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I'm generally pretty happy with the native XML Viewer in Firefox.

It displays valid XML files (like the one below) clearly and helpfully.

Example of XML:

<?xml version="1.0" encoding="UTF-8"?>
<urlset xmlns="http://www.sitemaps.org/schemas/sitemap/0.9">

  <url>
    <loc>https://example.com/</loc>
    <lastmod>2020-03-17T15:57:23+00:00</lastmod>
  </url>

</urlset>

However, I've noticed that as soon as I add XHTML to the XML (using the correct XHTML Namespace - see below), the XML Viewers in both Firefox and Chrome revert to displaying the XML as plaintext:

XHTML Namespace and Element:

  • XHTML Namespace: xmlns:xhtml="http://www.w3.org/1999/xhtml"
  • XHTML Element: <xhtml:link />

Example of XML + XHTML:

<?xml version="1.0" encoding="UTF-8"?>
<urlset xmlns="http://www.sitemaps.org/schemas/sitemap/0.9"
  xmlns:xhtml="http://www.w3.org/1999/xhtml">

  <url>
    <loc>https://example.com/</loc>
    <lastmod>2020-03-17T15:57:23+00:00</lastmod>
    <xhtml:link rel="alternate" hreflang="en" href="https://example.com/" />
    <xhtml:link rel="alternate" hreflang="de" href="https://example.com/de/" />
  </url>

  <url>
    <loc>https://example.com/de/</loc>
    <lastmod>2020-03-12T19:42:12+00:00</lastmod>
    <xhtml:link rel="alternate" hreflang="en" href="https://example.com/" />
    <xhtml:link rel="alternate" hreflang="de" href="https://example.com/de/" />
  </url>

</urlset>

For the longest time I thought I was introducing an error into my XML and invalidating it. But I have checked on numerous third-party XML validators and the XML is definitely valid. It's just that the browser-native viewers (apparently) can't cope with XHTML being included within the XML.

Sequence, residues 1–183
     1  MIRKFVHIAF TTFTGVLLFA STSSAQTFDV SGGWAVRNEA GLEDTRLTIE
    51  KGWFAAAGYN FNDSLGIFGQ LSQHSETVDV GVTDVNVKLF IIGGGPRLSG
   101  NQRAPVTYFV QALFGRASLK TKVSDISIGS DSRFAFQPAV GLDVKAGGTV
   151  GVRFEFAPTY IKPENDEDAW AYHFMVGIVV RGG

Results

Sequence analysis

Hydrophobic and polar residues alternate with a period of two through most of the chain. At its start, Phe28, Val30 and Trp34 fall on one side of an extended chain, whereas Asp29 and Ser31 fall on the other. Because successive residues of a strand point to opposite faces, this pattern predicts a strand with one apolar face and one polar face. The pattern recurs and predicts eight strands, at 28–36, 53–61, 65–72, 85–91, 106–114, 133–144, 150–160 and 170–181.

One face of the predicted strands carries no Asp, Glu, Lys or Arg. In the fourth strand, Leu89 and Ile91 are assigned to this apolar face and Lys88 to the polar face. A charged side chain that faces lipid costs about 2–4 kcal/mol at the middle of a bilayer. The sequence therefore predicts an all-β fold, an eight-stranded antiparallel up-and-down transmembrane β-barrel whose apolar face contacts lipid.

Is there anything I can do in this situation to help the native XML Viewers in Firefox and Chrome understand and parse the markup as XML or is there nothing to be done for now and 3rd-party software is the only answer?

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1 Answer 1

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Web browsers try to render anything, you throw at them, as HTML. Only, if they know for sure, that there is no HTML, they will render either as plain-text or XML, latter one in a treeview (as in your first example). The notable exceptions would be SVG and MathML, which get rendered differently.

Since the browser sensed HTML in your second example, it switched to the HTML view.

A little bit of an explanation:

As long the browser has styling information for elements, it will make use of them. This is the case for HTML (for which default styles are hardcoded into the browser). It will also be the case, when the browser finds CSS associated with any XML, either via the processing instruction

<?xml-stylesheet href="style.css"?>

or via inlined style (via the HTML style element)

<html:style type="text/css">
  @namespace url("http://www.example.org/ns/example");
  @namespace html url("http://www.w3.org/1999/xhtml");
  paragraph {display: block;}
  meta {display: none;}
  html|style {display:none;}
  html|script {display:none;}
</html:style>

In your second example, it found such styling information, since it found HTML, for which it has styles hardcoded and implied and thus rendered it styled.

When the browser renders the XML document, it will render all elements, which it does not have a default style for, as inline-content. This may be the reason, you assumed, that it displays the contents as plain-text.

If it would have found HTML script elements, it would have executed the Javascript therein. So, the tree-view is just a fall-back and not the default.

If you dislike this behavior, you could try to find, whether your web-browser supports a configuration switch, that changes this behavior, but I don't know of any.

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